Title: The Undertaker's Assistant
Author: Amanda Skenandore
Publish Date: July 30, 2019
What's the Story?:
From Goodreads.com: ""The dead can't hurt you. Only the living can." Effie
Jones, a former slave who escaped to the Union side as a child, knows
the truth of her words. Taken in by an army surgeon and his wife during
the War, she learned to read and write, to tolerate the sight of blood
and broken bodies--and to forget what is too painful to bear. Now a
young freedwoman, she has returned south to New Orleans and earns her
living as an embalmer, her steady hand and skillful incisions
compensating for her white employer's shortcomings.
serious, Effie keeps her distance from the other girls in her boarding
house, holding tight to the satisfaction she finds in her work. But
despite her reticence, two encounters--with a charismatic state
legislator named Samson Greene, and a beautiful young Creole,
Adeline--introduce her to new worlds of protests and activism, of
soirees and social ambition. Effie decides to seek out the past she has
blocked from her memory and try to trace her kin. As her hopes are
tested by betrayal, and New Orleans grapples with violence and growing
racial turmoil, Effie faces loss and heartache, but also a chance to
finally find her place . . ."
My Two Cents:
"The Undertaker's Assistant" is a fantastic historical fiction set just after the Civil War. Our main character is tough-as-nails Effie, a freedwoman, who was the assistant to a surgeon during the Civil War - almost unheard of for a woman and particularly unheard of for a black woman. Effie has very few memories from her childhood and seems to be doing everything to avoid dwelling on the past. She goes to New Orleans to make a living as an undertaker's assistant, it is definitely not a job for everyone but Effie seems to be more comfortable with the dead than the living oftentimes.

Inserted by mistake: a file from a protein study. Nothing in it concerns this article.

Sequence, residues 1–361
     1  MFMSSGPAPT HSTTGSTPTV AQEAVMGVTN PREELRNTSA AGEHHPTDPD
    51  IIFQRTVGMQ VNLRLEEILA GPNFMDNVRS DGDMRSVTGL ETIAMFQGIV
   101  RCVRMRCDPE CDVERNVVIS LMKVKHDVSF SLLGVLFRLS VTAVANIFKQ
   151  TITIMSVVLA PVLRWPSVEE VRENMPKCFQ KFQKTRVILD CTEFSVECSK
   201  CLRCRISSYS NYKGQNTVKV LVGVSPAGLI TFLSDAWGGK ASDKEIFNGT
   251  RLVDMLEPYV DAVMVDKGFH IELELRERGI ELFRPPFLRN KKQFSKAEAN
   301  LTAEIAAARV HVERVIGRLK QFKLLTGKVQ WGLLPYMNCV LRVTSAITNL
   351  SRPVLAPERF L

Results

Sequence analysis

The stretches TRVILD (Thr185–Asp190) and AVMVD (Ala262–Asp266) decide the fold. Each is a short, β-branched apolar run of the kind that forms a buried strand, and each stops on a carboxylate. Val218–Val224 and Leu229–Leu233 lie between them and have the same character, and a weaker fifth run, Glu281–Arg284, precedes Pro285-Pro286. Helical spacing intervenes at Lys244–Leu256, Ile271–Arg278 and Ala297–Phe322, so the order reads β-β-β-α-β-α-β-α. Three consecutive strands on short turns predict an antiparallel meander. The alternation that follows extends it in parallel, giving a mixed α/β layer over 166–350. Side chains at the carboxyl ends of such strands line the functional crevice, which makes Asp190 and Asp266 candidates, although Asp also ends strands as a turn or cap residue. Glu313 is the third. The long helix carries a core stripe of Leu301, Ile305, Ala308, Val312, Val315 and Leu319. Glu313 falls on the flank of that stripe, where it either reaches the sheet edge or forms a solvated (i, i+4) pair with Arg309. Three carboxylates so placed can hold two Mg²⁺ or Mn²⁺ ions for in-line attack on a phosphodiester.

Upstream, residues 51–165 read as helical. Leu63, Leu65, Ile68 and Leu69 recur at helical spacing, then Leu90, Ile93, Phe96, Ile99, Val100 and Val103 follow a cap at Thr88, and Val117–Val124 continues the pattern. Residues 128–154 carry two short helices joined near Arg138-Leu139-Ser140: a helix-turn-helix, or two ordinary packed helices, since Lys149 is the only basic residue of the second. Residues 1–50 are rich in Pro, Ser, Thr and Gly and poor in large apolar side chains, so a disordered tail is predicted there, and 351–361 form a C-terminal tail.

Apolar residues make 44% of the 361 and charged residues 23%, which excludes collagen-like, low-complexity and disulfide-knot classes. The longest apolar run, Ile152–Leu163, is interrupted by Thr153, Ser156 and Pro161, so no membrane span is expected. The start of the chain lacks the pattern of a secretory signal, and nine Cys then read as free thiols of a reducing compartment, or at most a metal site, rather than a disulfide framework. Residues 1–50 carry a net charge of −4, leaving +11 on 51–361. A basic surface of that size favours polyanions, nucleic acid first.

I loved Effie's character. She is tough and smart and has always done what she has needed to do to survive. She relies on herself as much as she can but she seems to be constantly running from the past and the bad memories that seem to crop up if she stays still for too long. At first, she seems quite cold and strange - what young lady would want to work with dead people? As the book unfolds, we see that there is much more there than meets the eye. We see her grow and bloom throughout the book and I loved following her.
New Orleans is one of those cities that had to grow on me. It took me three visits before I fell in love with it. It makes for such a good setting for this book. New Orleans has almost a mystical and sometimes macabre feeling to it. It is the perfect backdrop for Effie's story and her dealings with the dead. Add to it all of the things that were going on after the Civil War as people grappled with what the outcome meant for them and the lives they wanted to build.
The historical detail in this book is so good. Not for the tender-hearted but the descriptions of preparing the dead was fascinating. Effie pulls us into her world with nary a blink. I actually haven't read a lot of books set during Reconstruction so it was so interested to read how people were grappling with this brand new world. Overall, this was a great read and I am excited to see what the author writes in the future!